Question: Can you explain the look for the short?
Nicole Grindle: We were going for something that was epic and was supposed to represent enlightenment and what’s hard is most of the films that Pixar makes are in somehow part of the real world. We do mounds and mounds of the research about the environment that we’re in, but how do you represent enlightenment?
In a way we were cut loose to do something that was really different and we had our crew just push the limits of the tools that we already have. The camera work allowed us to try these really epic angles and these super wide lenses. And then with lighting we could blow things out.
We did this crazy stuff with our set where, at the moment, you know you’ll remember. Like, when he lights the candle and he’s blown back. Our set just stretched out. We never do that. It was super fun to do that and then have the walls kind of dissolve.
Sanjay Patel: You guys unplugged a really important moment right there because this is the time where we go from an immigrant box. In an immigrant box you leave all the riches of your culture, be it of Africa, Korea, all behind in the old country and you come as an immigrant into a rented apartment or whatever place you land. There’s no detail. It’s kind of like this room. It’s just a soulless kind of box.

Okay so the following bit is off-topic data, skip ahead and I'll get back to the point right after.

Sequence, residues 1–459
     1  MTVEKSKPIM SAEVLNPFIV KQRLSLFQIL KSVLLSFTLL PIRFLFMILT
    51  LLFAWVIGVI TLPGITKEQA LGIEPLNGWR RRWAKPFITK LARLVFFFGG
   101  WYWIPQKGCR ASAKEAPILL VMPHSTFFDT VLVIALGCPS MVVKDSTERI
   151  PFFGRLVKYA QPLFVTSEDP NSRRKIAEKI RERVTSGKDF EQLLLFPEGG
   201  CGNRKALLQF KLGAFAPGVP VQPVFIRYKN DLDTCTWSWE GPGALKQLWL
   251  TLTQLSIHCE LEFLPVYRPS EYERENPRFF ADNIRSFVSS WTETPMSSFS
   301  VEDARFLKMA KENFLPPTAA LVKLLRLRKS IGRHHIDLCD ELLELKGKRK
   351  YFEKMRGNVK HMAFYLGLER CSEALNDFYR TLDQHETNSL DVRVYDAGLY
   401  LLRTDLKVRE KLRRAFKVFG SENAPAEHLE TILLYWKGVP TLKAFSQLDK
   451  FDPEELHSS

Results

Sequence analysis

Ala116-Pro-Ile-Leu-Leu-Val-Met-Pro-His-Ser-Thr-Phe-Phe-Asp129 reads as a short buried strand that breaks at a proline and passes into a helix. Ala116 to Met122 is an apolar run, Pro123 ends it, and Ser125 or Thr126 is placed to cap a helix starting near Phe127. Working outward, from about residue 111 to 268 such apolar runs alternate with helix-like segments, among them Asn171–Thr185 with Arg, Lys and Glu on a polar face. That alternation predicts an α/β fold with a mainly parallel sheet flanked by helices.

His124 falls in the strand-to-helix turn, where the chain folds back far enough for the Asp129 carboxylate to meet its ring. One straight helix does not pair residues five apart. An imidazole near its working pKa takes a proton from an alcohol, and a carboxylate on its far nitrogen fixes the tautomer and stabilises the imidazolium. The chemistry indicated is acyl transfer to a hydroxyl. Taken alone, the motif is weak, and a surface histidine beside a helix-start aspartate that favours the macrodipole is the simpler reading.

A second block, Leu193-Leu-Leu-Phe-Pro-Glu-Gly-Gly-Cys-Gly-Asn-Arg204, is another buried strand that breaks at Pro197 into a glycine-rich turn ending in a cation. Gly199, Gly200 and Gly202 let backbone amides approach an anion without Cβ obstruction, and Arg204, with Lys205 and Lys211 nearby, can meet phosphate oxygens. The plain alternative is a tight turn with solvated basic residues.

Nicole Grindle: Beige on beige is the aesthetic we were talking about.
Sanjay Patel: When the boy finally lights that lamp of knowledge enlightenment, the thing I kept talking about was I wanted what was finite to become infinite. I wanted what was material to become immaterial, you want to sort of take the boy into this inner world and it’s so hard to find reference photos for that. The temple carvings, all these spiritual art and artisans have worked to the edge of their technology to create experience. We had our whole new sort of tool kit at Pixar to explore that.
These are the sort of adjectives that I would drop at people and then as Artists we all just try to tackle it from our different sort of discipline. We also threw in some 2001, we threw in some Captain EO; we threw in lots and lots of different influences.
Question: Is there a reason why you decided not to add dialogue to the short?